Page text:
The finding of a role for DMH NPY in glucose homeostasis is also intriguing. Previous studies have shown that the DMH contains both glucoreceptive and glucose-sensitive neurons and lesions of the DMH alter feeding response to exogenous glucose and insulin (Bellinger and Bernardis, 2002), implicating this region in the regulation of glucose homeostasis. We found that DMH NPY knockdown enhanced insulin sensitivity, improved glucose tolerance and prevented diet-induced hyperglycemia and hyperinsulinemia. These results indicate an important role of NPY in the DMH in the regulation of glucose homeostasis. Whether this is a direct result of reduced NPY expression in the DMH or a consequence of the demonstrated brown adipocytes in inguinal fat, activation of interscapular BAT, and resulting in increased thermogenesis and subsequent lean phenotypes is unclear. Nevertheless, we demonstrate that alterations in DMH NPY signaling influence insulin sensitivity and glucose homeostasis, but the mechanisms through which DMH NPY acts to affect insulin action and regulate glucose levels merit further investigation.
In summary, we demonstrate the physiological importance of DMH NPY in energy homeostasis. DMH NPY affects food intake, body adiposity, thermogenesis, energy expenditure and physical activity to regulate body weight. These results indicate that orexigenic NPY in the DMH normally serves as a key factor in maintaining energy homeostasis and also point to the DMH as a potential target site for therapies aimed at combating obesity and/or diabetes.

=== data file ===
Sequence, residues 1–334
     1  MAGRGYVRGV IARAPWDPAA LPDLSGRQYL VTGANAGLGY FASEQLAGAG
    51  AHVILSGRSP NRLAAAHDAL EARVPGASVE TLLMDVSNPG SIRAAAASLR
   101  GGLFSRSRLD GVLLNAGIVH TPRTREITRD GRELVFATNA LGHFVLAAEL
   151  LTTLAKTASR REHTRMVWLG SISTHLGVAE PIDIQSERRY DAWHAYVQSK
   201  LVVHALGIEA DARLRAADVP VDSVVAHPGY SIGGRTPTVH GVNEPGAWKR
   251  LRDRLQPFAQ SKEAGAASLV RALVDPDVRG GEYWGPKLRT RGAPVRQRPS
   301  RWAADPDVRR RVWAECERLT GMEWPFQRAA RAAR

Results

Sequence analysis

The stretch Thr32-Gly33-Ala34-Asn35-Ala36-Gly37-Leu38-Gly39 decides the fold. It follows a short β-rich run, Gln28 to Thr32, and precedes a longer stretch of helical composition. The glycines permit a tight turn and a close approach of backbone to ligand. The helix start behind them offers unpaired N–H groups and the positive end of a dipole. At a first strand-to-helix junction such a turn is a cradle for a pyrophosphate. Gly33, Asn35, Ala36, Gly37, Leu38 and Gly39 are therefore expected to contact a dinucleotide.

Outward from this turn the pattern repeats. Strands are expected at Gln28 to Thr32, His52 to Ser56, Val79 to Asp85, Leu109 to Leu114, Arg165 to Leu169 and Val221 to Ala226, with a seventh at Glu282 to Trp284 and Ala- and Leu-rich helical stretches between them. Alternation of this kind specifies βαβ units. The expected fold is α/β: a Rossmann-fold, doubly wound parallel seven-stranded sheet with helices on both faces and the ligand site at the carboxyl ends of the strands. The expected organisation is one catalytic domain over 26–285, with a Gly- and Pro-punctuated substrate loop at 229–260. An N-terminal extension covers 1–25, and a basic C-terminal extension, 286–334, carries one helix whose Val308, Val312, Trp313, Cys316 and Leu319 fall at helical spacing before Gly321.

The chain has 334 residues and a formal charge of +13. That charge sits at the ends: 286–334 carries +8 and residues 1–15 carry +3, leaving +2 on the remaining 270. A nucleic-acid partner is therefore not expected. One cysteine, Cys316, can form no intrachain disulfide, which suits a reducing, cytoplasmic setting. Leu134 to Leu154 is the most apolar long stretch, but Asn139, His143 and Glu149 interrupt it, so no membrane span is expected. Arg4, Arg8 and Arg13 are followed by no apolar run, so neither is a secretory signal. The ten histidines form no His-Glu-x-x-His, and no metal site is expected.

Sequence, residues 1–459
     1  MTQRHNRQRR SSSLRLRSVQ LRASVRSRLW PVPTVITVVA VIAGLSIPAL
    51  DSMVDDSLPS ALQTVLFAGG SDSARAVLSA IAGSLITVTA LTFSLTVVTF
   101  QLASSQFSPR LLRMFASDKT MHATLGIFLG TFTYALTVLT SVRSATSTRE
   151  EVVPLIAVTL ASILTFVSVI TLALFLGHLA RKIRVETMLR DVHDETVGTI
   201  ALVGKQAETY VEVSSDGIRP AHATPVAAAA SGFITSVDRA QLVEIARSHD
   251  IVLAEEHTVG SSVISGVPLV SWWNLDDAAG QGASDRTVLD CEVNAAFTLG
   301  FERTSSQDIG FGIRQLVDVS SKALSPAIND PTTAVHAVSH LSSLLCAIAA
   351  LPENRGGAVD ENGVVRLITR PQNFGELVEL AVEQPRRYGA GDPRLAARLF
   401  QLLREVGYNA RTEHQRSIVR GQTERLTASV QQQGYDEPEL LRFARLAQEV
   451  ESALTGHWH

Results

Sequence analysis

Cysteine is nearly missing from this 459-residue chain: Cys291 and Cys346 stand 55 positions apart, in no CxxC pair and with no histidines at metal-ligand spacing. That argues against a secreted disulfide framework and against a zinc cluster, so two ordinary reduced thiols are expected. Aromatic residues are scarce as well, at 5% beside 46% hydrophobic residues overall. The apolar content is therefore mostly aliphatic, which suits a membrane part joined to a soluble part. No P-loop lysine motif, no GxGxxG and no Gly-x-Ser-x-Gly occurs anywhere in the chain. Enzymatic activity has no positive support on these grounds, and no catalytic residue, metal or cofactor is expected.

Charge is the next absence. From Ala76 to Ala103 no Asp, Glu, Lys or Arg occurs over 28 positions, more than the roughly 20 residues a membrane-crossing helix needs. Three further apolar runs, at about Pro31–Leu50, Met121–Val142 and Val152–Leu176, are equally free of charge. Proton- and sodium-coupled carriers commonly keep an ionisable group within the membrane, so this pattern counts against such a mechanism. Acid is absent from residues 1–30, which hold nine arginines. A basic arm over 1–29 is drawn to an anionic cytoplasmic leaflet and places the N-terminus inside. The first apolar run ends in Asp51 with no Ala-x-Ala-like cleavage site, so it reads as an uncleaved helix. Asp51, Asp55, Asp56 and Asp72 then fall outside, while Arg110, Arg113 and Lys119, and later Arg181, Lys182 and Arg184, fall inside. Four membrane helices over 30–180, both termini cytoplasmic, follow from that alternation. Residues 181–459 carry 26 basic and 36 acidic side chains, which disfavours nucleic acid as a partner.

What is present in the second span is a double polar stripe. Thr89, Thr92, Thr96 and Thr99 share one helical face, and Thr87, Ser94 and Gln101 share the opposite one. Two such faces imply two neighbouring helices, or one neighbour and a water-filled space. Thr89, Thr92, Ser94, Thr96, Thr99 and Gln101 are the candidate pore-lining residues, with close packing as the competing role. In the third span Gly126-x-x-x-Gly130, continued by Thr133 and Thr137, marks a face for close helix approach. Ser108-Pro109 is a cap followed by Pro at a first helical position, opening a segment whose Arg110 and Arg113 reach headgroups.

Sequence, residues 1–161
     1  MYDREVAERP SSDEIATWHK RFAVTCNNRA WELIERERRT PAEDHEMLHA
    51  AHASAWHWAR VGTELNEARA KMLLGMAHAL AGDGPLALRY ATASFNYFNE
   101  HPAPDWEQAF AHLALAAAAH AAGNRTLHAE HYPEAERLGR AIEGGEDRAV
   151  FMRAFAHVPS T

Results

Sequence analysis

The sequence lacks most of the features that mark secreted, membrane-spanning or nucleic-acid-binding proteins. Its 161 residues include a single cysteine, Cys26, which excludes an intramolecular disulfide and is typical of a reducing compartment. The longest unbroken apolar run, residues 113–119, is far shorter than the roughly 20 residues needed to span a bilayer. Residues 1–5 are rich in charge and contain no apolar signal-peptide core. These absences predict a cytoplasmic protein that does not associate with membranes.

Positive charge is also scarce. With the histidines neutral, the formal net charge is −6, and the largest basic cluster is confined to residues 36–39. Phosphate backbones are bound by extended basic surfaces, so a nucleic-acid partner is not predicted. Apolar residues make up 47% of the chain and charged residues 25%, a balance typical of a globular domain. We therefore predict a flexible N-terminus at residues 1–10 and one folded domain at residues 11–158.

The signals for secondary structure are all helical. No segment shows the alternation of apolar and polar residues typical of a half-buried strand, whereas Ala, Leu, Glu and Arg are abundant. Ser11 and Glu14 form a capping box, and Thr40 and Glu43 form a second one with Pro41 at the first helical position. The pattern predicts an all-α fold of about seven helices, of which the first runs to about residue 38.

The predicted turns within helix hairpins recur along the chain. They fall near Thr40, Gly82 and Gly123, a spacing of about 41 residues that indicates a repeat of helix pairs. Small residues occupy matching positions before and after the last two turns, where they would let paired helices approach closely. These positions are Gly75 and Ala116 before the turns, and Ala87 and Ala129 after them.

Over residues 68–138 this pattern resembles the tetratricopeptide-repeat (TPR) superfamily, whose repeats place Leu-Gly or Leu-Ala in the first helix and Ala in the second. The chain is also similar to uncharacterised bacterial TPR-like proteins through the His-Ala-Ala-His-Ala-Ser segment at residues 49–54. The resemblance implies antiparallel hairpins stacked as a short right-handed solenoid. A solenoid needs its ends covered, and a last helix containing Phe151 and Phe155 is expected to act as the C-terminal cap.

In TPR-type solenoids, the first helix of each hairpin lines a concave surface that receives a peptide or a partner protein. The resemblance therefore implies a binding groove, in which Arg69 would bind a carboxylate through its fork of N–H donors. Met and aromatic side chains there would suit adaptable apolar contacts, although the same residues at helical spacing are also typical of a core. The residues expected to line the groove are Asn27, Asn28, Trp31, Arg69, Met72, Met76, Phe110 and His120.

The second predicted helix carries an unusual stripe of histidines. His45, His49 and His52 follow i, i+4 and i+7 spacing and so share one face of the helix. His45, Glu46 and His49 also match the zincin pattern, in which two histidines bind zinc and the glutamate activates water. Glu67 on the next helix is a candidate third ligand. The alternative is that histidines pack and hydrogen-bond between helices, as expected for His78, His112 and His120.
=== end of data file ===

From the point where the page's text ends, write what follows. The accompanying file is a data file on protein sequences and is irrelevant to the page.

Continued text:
Male Sprague-Dawley rats were purchased from Charles River Laboratories, Inc., and were individually housed on a 12:12 h light-dark cycle (lights on at 0600h) in a temperature-controlled colony room (22–24°C) with ad libitum access to tap water and standard laboratory rodent chow, except where noted. All procedures were approved by the Institutional Animal Care and Use Committee at the Johns Hopkins University.
As described previously (Yang et al., 2009), the plasmids (pAAVshNPY or pAAVshCTL) containing the two cassettes of CMV (cytomegalovirus) promoter-driven hrGFP marker and mouse U6 promoter- driven shRNA (shNPY or shCTL), flanked by AAV2 inverted terminal repeats (ITR), were constructed using the pAAV-hrGFP plasmid (Stratagene). AAV-293 cells (Stratagene) cultured in DMEM growth medium (containing 4.5 g/L glucose, 110 mg/L sodium pyruvate, and 4 mM L-glutamine, Invitrogen, Carlsbad, CA) supplemented with 10% (v/v) heat-inactivated fetal bovine serum were used for viral packaging. Three plasmids of pAAVshNPY (or pAAVshCTL), pHelper (carrying adenovirus-derived genes) and pAAV-RC (carrying AAV-2 replication and capsid genes) were co-transfected into AAV-293 cells according to the manufacturer’s protocol (Stratagene). Three days after transfection, cells were harvested, and the recombinant viral vector AAVshNPY (or AAVshCTL) was purified using the AAV purification kit (Virapur, LLC) and concentrated using Centricon YM-100 (Millipore) according to the manufacturers’ protocols. Virus titers were determined using quantitative PCR and ~1 × 109 particles/site were used for each virus injection.